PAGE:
Tourist guides lead travelers astray
Many '96s have just returned from Language Studies Abroad, and most took advantage of the opportunity to travel while in Europe or elsewhere about the globe. To these students and to all those who plan on traveling in the future, the name "Let's Go" is or will be permanently imprinted on their minds. I, too, was a "Let's Go" traveler and commonly referred to the book as the Bible. In retrospect, however, although this book opens the world to budget-minded travelers, it also has the paradoxical effect of depersonalizing that world and tragically making a once-unique experience cliche.
Planning your trip using a "Let's Go" book is a bit like selling your soul. You gain the means to see some of the world's most beautiful and historic places by discovering the cheapest places to sleep and eat. However, you also damn yourself to spending your vacation seeing the same sights in the same manner as thousands of other "Let's Go" devotees. I am grateful for "Let's Go" since I otherwise would not have been able to afford to travel. However, my greatest disappointment was how an alpine panorama, a turreted castle or soaring cathedral seemed almost boring when viewed in the company of a thousand other photo-snapping Americans, all of whom were carrying a bright yellow copy of "Let's Go" in hand.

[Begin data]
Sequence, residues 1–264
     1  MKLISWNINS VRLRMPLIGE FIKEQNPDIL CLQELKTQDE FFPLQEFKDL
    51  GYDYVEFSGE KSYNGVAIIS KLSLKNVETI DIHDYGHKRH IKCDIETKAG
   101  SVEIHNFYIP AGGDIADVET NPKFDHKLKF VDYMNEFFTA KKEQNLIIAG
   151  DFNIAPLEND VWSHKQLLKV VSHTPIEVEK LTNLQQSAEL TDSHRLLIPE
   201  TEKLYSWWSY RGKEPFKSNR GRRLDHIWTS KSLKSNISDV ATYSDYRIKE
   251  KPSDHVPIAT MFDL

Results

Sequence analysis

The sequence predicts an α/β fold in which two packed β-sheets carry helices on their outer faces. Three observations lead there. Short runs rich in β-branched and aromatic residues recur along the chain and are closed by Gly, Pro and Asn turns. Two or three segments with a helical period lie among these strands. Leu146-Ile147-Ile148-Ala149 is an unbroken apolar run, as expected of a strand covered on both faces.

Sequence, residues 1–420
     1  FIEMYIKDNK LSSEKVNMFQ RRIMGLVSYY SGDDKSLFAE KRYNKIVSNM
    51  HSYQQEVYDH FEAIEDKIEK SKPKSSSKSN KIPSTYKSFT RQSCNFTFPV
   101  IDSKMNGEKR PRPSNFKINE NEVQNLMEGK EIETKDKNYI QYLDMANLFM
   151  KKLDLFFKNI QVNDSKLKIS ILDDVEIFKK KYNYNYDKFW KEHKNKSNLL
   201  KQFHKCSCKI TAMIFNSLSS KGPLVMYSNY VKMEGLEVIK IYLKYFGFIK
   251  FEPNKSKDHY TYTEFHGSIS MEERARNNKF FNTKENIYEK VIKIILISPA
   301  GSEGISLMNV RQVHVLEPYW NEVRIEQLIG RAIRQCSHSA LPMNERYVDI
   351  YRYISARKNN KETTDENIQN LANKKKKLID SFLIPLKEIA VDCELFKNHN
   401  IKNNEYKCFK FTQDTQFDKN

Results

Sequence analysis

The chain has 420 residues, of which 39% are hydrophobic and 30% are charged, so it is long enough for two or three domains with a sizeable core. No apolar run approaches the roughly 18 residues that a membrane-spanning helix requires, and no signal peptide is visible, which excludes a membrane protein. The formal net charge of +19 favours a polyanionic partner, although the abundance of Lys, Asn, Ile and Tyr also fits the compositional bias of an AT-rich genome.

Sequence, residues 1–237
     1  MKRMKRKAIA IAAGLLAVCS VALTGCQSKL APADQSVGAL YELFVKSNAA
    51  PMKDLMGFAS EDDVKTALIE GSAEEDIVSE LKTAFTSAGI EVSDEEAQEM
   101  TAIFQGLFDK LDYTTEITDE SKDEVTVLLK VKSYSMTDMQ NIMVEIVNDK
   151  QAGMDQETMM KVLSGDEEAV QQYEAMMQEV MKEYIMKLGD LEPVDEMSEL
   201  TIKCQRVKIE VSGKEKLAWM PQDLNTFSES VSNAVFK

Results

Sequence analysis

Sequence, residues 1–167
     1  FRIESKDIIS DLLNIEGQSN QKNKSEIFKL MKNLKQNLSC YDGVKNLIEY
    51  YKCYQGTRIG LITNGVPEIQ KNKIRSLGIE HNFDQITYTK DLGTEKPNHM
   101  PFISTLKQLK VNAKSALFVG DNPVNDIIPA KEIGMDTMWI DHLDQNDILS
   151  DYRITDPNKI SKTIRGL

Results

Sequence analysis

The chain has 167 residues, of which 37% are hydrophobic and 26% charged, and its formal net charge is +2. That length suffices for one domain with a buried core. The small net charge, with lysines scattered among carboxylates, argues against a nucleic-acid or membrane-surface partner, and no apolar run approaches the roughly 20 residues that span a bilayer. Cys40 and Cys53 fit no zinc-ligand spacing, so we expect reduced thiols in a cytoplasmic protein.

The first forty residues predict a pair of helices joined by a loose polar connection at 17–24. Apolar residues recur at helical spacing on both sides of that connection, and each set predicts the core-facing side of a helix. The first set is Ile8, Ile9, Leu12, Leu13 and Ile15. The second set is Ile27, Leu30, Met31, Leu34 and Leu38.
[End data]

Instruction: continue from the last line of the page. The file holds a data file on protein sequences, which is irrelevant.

An example of this paradoxical experience was my trip to the Neuschwanstein castle in Fusen, Germany. This famed fairy-tale-esque castle, was the model for the Disney castle. I took the tour of the castle, walked up to the bridge which afforded an excellent view and took a couple of nice pictures; just like a few hundred other "Let's Go-ers" did that day. Although I came away from the day with beautiful photos, I felt robbed, although the brief hike to the bridge cost nothing. The experience was as remarkable and personal as looking at a poster on public display.
"Let's Go" also contributes to the feeling that Europe is much smaller than it actually is. At first I thought it an amazing coincidence that I could see the exact same people at a beer hall in Munich as in the Old Town Square in Prague. However, these run-ins really weren't such a coincidence. We all went to the places that "Let's Go" said were good and avoided the places which were mentioned only in passing.
Yet, I found that the places mentioned in only one sentence or, better yet, not mentioned at all were the most memorable. A weekend in the small fishing village of Vernazza, Italy was my favorite traveling experience. I went without a clue of where to stay and had to go from restaurant to market, asking for a room. There were no museums, no discos. But I did take away the feeling of experiencing something unique.
So for those that plan to travel, definitely take a copy of "Let's Go." See the famous cities and places. But if you ever start to feel like just another tourist, get lost somewhere for a while. It will probably be the most rewarding experience you will have.